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Daniel E. Martínez

Professor of Biology; On leave Spring 2021
  • Expertise

    Expertise

    Daniel Martínez, one of the world’s leading scholars on hydroids, specializes in evolutionary developmental biology and the evolution of aging. His long-term work suggesting the theoretical “immortality” of the freshwater hydra has brought him national attention.

    In 2010, he received a $1.2 million grant from the National Institutes of Health for research on “Mechanisms underlying lack of senescence in members of the genus Hydra.” In 2013, he received a grant from The Immortality Project at the University of California Riverside to study the implications of hydra’s unlimited lifespan on medicine and increasing human longevity.

    Research Interests

    • Mechanisms of aging in hydra
    • Evolution and biogeography of hydra

    Areas of Expertise

    BIOLOGY

    • Genetics
    • Evolution of Aging
    • Molecular Evolution
    • Evolution of Development
  • Work

    Work

    With D. Bridge, L. Masuda-Nakagawa, and P. Cartwright, "Cnidarian Homeoboxes and the Zootype," Nature, 393:748-749, 1998

    With D.M. Bridge, C.T. Ha, A. Nemir, A. Renden, M.M. Rorick, A. Shaffer, D.M. Underkoffler and A.E. Wills, "Variations on a theme? Polyp and medusa development in Podocoryna carnea," Hydrobiologia, 2004

    "Mortality Patterns Suggest Lack of Senescence in Hydra," Experimental Gerontology, 33, 217-225, 1998

    "Senescence and Rejuvenation in Asexual Metazoans," in Reproductive Biology of Invertebrates, Vol. XI, Progress in Asexual Reproduction (R.N. Hughes, ed., Oxford & IBH Publishing, New Delhi, 2002)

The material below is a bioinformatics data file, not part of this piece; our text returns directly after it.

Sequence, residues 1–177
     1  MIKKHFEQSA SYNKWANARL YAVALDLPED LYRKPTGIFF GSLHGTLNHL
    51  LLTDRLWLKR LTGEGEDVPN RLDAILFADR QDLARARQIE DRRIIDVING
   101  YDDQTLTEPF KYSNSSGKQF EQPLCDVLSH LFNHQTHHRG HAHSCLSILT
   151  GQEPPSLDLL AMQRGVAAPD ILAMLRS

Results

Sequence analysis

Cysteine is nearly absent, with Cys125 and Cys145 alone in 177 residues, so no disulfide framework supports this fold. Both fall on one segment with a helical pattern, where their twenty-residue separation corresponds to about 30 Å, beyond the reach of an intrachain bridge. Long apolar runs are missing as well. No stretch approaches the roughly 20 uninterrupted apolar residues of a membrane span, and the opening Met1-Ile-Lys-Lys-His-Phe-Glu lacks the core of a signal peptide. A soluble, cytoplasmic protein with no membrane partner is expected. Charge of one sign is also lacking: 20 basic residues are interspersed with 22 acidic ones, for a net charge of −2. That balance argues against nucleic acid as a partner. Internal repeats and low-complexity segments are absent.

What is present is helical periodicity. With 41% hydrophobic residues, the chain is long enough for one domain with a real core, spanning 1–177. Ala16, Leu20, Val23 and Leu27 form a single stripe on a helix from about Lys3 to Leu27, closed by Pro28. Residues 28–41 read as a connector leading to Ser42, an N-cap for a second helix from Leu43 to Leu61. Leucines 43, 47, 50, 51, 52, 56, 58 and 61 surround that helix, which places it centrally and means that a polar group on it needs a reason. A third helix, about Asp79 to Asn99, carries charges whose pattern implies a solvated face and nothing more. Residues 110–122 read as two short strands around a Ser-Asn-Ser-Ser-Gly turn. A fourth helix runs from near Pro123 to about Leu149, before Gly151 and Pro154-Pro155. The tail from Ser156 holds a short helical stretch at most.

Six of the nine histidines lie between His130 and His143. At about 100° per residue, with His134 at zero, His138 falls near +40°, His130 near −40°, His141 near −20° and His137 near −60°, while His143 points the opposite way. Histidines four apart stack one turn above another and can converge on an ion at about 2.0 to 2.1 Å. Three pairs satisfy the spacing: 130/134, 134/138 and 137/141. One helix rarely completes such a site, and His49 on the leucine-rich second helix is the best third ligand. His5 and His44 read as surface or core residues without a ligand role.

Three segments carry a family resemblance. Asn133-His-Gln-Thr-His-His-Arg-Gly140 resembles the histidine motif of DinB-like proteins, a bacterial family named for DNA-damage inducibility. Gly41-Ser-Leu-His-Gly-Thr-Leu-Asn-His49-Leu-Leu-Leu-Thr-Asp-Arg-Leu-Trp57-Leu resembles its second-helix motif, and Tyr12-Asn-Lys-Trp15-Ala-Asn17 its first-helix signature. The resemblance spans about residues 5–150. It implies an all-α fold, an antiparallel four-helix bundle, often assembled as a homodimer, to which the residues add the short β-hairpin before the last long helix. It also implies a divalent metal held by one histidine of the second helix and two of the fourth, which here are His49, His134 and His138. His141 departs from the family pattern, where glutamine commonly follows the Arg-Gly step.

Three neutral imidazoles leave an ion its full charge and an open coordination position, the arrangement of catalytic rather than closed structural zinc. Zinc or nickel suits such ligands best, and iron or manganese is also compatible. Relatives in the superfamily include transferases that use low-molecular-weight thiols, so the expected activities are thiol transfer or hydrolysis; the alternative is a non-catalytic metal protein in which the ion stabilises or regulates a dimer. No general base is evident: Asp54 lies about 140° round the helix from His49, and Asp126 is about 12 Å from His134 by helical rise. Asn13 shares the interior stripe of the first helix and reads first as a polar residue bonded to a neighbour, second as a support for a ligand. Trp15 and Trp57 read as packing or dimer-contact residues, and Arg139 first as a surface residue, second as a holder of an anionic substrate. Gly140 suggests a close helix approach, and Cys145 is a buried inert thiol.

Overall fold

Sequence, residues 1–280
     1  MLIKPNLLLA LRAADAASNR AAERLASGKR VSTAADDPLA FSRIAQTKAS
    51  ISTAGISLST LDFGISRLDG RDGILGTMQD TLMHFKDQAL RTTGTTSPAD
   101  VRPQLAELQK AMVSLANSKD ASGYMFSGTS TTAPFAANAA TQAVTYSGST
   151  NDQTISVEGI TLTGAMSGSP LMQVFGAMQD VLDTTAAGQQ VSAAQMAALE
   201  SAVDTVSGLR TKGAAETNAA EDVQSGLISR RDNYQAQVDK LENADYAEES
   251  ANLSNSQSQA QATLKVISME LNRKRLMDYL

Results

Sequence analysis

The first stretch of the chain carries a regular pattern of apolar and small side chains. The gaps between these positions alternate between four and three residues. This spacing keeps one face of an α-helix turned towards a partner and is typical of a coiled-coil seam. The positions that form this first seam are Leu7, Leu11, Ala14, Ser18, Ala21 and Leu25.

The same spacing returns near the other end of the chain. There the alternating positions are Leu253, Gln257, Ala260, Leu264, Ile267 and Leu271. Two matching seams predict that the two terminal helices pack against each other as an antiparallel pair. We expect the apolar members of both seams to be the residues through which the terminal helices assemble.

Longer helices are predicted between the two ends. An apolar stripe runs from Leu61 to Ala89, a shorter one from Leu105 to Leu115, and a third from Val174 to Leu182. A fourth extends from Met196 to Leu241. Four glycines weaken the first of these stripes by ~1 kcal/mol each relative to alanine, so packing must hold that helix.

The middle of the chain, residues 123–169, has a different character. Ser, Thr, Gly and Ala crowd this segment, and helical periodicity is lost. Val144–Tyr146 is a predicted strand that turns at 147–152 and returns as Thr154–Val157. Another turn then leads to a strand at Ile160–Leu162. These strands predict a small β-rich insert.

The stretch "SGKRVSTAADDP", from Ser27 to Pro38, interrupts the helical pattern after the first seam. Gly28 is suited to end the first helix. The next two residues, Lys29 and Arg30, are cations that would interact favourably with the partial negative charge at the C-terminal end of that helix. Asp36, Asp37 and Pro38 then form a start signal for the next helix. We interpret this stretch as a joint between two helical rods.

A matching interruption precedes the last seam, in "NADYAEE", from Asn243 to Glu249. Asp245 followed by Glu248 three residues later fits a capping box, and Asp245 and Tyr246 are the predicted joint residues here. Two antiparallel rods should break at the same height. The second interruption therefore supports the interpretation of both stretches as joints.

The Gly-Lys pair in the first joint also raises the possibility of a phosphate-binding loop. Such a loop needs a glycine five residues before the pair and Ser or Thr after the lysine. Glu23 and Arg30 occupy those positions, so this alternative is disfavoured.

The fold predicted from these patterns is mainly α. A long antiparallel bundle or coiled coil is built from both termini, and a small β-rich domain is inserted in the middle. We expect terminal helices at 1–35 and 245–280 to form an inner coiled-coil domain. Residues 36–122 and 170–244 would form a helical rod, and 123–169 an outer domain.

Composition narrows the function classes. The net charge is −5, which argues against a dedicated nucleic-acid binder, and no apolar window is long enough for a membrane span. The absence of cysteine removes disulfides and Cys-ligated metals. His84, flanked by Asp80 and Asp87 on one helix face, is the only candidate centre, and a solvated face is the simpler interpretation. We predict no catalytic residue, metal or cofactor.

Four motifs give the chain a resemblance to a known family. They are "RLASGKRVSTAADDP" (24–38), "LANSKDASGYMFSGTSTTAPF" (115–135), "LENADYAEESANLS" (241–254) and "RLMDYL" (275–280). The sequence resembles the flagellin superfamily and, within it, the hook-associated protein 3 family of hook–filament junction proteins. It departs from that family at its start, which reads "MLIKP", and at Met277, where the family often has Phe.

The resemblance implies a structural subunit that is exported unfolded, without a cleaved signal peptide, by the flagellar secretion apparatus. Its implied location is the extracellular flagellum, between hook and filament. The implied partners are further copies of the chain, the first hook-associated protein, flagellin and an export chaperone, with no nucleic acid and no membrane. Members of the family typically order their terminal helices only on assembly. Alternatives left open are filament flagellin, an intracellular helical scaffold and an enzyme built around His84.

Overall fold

"Zootypes," in Encyclopedia of Evolution (M. Pagel, ed., Oxford University Press, 2002)

    With K.H. Kaestner and W. Knšchel, "Unified Nomenclature for the Winged Helix/Forkhead Transcription Factors," Genes & Development, 14, 142-146, 2000

    With J. Levinton, P. Klerks, C. Montero, C. Sturmbauer, L. Suatoni, and W. Wallace, "Running the Gauntlet: Pollution, Evolution and Reclamation of an Estuarine Bay" in Aquatic Life Cycle Strategies: Survival in a Variable Environment (M. Whitfield, J. Matthews and C. Reynolds, eds., Marine Biological Association of the United Kingdom, 1999)

  • Education

    Education

    Ph.D.
    State University of New York, Stony Brook

    Licenciado
    Universidad Nacional del Sur, Bah’a Blanca (Argentina)

    Recent Courses Taught

    Human Genetics for Non-Majors with Lab

    Introductory Genetics with Lab

    Molecular Evolution: The Tree of Life, with Lab

  • Awards & Honors

    Awards & Honors

    National Science Foundation, Grant, 2001-05; Grant 2005-2007

    National Science Foundation, Grant, "Collaborative Research: Assembling the Tee of Life-An Integrative Approach to Investigating Cnidarian Phylogeny," 2005

    US-Israel Binational Science Foundation, Grant, 1998-2002

    Mellon Faculty Grant, 1999